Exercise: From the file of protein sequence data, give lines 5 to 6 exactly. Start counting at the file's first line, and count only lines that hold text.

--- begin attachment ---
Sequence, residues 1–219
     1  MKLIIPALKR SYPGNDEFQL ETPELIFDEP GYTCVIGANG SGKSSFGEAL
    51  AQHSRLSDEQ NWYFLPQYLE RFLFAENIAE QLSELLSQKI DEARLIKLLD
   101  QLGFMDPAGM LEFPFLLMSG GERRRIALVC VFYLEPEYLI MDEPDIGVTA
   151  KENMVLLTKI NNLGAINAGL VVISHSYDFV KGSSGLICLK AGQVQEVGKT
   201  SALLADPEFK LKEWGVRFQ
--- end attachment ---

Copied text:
   151  KENMVLLTKI NNLGAINAGL VVISHSYDFV KGSSGLICLK AGQVQEVGKT
   201  SALLADPEFK LKEWGVRFQ